insurance companies are now going to have to sell insurance to everyone who wants to buy it, to not take into consideration whether they've been sick or not, and to have limits as to how much they can charge more if you're a woman rather than a man, that's a 0 differential. but there are differentials such as age, 3-to-1. and there are a couple of other geographical errors. the insurance companies can charge you two or three times more if you're in an expensive area. that's one and a half times as well. but the body that assures that the insurance companies make it available, insurance available, that's at the state level. >> did you want to comment, andy? >> there clearly are people who could not afford insurance. but that's not to say their healthcare was not affordable. because they could get healthcare. and they could get good healthcare. the concern that many people have is that this bill is not going to actually solve the problem, it's going to make it
worse. because now you don't have to have health insurance. you could pay a penalty. >> which is lower typically than the cost of healthcare coverage. >> and wait until you really need it. and then you absolutely are guaranteed to get it. so if i'm of that group that chose before not to take money out of my pocket and pay for health insurance, why would i even want to do it now? i'll just pay the penalty and wait until i really need it and then i'll get it. irregardless of what my diagnosis is. >> and none of this kicks in until 2014. so the insurance industry was already going to increase premiums for individual policyholders 11 to 13%. small groups, ten to 12. it will in this interim period increase premiums to the degree the state departments of insurance allow. but the numbers of people for
whom insurance will not be affordable will increase in the near term as a result of the premium increases and before these mandates kick in. so it's a more complex problem than people imagine. and it's not tied -- the data on discretionary it's not tied simply to a threshold percent of discretionary spending. when you're under $66,000 as a household, which is 300 percent of the federal poverty level, it's onerous when it's even at five and six percent, because of your obligations otherwise. so we have to avoid the sound bites in this thing. it's a little more complicated. >> yes. >> i'm john bettinger, houstonian management consultant with clients across the state. two-part question. my clients are concerned or let's say reticent to take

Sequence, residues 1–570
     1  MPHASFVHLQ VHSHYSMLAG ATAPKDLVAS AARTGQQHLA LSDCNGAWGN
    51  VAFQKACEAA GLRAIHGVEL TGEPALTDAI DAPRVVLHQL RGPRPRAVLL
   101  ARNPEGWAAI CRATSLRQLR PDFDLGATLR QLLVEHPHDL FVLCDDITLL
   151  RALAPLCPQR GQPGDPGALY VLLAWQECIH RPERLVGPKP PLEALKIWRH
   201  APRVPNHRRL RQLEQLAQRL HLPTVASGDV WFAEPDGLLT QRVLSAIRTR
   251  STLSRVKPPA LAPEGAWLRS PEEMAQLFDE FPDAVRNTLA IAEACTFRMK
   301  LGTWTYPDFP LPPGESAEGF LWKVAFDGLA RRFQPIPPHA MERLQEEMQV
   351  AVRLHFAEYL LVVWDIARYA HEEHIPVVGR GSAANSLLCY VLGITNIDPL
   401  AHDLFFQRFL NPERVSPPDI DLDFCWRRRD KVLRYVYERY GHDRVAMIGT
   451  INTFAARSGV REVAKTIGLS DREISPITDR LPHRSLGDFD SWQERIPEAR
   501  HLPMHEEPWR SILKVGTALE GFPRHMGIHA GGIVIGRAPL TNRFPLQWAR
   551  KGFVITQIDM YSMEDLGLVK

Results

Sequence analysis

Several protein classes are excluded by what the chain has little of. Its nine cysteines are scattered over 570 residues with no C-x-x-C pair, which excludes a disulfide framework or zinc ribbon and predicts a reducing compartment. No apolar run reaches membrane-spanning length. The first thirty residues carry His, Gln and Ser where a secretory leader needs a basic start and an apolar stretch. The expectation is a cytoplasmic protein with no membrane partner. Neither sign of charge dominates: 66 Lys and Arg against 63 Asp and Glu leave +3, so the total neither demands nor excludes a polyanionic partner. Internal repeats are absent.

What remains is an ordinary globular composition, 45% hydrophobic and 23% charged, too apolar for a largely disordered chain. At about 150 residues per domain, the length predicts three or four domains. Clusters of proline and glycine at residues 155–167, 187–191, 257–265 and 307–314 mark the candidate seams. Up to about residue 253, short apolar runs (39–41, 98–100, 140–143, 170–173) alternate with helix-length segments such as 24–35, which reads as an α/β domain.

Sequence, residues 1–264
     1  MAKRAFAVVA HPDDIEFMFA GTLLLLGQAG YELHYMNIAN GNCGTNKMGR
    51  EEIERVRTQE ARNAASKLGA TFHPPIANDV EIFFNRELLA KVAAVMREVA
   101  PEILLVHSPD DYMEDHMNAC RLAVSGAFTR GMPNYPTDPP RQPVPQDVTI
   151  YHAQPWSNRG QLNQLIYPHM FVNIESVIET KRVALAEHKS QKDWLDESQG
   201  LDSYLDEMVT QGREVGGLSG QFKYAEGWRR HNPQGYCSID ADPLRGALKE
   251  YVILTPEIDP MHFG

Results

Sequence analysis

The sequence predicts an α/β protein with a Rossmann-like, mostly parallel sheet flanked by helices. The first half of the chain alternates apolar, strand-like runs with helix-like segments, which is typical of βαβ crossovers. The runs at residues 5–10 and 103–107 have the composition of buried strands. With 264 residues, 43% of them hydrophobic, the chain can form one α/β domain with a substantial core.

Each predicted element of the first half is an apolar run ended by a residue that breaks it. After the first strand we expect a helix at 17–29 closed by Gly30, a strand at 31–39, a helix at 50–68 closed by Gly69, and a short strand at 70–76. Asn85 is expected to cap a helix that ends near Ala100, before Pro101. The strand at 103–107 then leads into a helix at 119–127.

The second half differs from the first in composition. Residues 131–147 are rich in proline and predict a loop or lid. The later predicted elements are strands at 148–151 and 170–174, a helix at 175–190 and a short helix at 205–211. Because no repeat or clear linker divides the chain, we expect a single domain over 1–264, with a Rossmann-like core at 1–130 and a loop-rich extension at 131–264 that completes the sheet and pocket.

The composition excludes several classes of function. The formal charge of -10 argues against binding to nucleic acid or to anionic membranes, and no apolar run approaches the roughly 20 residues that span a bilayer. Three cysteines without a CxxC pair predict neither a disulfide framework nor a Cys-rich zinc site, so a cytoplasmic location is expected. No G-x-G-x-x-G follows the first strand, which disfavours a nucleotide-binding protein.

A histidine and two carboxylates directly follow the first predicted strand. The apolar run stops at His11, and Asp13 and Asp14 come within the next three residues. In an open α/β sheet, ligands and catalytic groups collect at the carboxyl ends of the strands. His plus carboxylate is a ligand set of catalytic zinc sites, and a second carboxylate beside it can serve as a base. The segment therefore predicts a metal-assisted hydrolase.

action because maybe they're hopeful expecting some changes. one, do you think there will be material change or repeal. if not, what should texas employers be doing to get ready in the short term for the next few years. >> the likelihood of repeal is between slim and none. it would take 37 states to override this. so this is the law. >> i'm not so sure there won't be serious constitutional questions about the bill, some of which may undermine it so it's for all practical purposes defunct. but we'll have to wait and see on that. >> i go back to the idea. we need to have dialogue. this was not going to go away. and unless we start having this dialogue we're all going to be in the same boat. it's like in houston, we have only two level one trauma units. this city should have eight. and the dialogue, when we discuss having level one trauma units, always falls back to what we don't want these hospitals
for uninsured and poor individuals. when we realize -- when we don't realize these are the hospitals that save our lives or have traumas not based on age or race or whatever. we don't discuss that. we always fall back to the simple answer. and the answer that does us no good in the long run. >> yes. >> where in the system do we begin to change the thinking about insurance and our responsibility to maintain and improve? as opposed to a demand to be able to respond to illness when ccur >> the bill inre different sicanth. mor